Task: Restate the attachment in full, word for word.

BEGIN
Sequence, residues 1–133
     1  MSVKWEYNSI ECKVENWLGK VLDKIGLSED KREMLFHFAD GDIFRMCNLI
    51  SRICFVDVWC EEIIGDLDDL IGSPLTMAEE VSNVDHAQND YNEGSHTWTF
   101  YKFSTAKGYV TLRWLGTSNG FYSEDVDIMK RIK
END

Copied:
Sequence, residues 1–133
     1  MSVKWEYNSI ECKVENWLGK VLDKIGLSED KREMLFHFAD GDIFRMCNLI
    51  SRICFVDVWC EEIIGDLDDL IGSPLTMAEE VSNVDHAQND YNEGSHTWTF
   101  YKFSTAKGYV TLRWLGTSNG FYSEDVDIMK RIK